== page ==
But the most severe underrepresentation, says Semple, is among early-career lawyers. Lawyers practising for less than 15 years, for example, make up 45 per cent of all of the lawyers in the province, but Convocation includes only two benchers in that category. Lawyers in their first 10 years of practice make up at least a quarter of Ontario lawyers, but none of them sits in Convocation.
To redress the imbalance, Semple proposes a reform to law society election rules that’s in some ways similar to changes introduced in 1999 to ensure there was adequate representation at Convocation from Ontario’s regions. Just as the candidate who wins the most votes from voters in his or her region gets a seat as one of eight regional benchers, those who receive the most votes from others in their own five-year career stage would sit as benchers representing that group. There should be seven career stages and two benchers for each one with one member from Toronto and the other from outside the city, says Semple. The reform, he says, wouldn’t mean an increase in the number of benchers.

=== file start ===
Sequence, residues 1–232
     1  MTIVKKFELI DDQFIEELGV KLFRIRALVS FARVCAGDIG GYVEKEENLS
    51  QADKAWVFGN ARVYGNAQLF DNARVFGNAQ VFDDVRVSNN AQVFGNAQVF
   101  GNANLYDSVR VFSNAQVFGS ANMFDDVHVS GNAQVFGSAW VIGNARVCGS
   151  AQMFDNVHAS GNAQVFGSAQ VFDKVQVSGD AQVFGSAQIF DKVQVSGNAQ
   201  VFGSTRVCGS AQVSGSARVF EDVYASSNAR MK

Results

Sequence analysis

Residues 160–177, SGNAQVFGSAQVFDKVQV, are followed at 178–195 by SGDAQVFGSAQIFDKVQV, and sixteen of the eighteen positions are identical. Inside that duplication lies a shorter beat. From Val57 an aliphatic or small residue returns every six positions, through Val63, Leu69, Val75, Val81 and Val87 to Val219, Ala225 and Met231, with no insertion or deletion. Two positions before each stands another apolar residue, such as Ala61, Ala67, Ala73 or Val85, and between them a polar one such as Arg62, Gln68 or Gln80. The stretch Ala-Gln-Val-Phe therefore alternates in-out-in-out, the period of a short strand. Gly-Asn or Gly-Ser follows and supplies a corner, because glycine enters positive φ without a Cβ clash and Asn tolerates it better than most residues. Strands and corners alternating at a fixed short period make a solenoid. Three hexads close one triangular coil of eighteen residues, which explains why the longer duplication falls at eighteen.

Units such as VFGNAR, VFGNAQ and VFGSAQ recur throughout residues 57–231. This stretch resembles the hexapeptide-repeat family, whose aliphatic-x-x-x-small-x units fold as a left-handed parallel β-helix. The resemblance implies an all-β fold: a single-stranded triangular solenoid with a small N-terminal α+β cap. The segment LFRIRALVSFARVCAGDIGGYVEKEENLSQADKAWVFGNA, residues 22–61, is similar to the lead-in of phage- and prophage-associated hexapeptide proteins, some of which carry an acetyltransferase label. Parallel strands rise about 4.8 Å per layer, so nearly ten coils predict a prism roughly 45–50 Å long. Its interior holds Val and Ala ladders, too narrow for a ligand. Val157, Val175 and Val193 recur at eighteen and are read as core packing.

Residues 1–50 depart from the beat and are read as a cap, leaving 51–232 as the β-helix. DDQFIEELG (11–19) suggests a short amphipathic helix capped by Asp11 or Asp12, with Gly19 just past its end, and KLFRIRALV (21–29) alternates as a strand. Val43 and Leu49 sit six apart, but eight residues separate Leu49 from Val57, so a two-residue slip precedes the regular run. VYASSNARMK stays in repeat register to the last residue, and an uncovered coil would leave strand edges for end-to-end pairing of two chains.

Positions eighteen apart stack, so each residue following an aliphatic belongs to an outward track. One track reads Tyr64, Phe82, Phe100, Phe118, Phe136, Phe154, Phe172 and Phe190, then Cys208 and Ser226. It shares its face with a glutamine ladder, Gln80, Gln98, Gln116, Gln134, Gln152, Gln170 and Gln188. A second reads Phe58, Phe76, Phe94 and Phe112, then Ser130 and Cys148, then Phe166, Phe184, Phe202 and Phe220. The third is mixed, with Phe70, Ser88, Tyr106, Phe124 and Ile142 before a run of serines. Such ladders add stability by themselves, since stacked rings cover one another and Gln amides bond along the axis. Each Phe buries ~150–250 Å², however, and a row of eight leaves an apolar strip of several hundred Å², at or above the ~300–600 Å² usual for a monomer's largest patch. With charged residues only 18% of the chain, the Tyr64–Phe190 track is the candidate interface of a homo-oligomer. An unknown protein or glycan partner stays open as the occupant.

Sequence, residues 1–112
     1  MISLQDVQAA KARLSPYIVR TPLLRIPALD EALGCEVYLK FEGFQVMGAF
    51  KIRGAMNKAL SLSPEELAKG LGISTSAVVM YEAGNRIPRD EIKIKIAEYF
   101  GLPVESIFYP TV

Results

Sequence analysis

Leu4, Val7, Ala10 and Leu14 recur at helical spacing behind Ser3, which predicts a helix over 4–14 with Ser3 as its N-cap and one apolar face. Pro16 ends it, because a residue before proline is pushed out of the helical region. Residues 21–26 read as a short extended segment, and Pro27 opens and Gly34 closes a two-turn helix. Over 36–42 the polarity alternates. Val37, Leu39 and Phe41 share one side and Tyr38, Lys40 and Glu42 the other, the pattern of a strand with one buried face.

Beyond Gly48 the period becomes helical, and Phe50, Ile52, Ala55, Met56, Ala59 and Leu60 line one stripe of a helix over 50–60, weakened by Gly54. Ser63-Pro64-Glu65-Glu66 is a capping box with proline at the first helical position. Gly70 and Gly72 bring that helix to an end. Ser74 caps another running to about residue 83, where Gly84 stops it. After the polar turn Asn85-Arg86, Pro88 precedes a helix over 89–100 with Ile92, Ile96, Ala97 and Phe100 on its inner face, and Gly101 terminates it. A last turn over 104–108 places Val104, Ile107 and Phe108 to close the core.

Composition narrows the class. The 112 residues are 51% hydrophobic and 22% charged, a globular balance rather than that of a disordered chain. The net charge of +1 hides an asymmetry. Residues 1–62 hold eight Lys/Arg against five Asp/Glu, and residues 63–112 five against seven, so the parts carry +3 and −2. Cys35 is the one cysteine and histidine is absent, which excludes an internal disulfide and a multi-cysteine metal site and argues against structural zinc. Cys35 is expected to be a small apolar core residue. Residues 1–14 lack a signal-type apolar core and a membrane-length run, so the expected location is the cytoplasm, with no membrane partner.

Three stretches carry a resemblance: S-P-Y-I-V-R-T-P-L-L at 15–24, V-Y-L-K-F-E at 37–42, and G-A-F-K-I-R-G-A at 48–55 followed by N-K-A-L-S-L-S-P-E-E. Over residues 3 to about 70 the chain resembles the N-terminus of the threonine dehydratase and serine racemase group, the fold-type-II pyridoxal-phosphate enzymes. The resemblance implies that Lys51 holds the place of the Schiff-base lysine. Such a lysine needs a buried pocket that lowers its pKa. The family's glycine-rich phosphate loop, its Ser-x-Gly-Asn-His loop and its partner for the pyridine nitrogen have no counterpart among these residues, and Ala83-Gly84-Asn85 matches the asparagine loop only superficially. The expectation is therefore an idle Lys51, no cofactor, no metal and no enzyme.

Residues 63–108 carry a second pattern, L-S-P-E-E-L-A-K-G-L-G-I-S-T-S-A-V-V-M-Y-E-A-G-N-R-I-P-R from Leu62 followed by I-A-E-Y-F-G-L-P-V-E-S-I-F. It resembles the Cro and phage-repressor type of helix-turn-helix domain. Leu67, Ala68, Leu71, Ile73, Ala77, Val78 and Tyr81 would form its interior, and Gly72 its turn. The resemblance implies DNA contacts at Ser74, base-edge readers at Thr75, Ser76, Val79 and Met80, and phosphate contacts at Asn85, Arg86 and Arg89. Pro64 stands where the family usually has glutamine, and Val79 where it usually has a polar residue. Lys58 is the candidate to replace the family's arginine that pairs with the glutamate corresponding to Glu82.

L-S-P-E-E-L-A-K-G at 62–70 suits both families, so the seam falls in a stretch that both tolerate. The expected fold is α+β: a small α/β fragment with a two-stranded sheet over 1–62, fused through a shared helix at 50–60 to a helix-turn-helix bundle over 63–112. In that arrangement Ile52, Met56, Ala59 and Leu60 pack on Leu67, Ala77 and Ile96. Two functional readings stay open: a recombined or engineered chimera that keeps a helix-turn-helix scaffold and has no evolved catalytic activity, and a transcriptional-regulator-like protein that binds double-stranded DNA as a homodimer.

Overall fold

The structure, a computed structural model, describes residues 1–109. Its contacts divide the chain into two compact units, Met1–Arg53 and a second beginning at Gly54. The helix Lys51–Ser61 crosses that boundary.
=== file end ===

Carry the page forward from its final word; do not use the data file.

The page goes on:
“This modest reform is arguably the last missing piece of the diversity puzzle,” he wrote in his paper.
“Introducing it now will help ensure that the law society can continue to confront its many challenges and opportunities as a robust and vital public interest regulator.”
In addition to bringing more diverse voices to Convocation, reforming the rules in this way, according to Semple, would likely boost voter turnout, especially among new lawyers.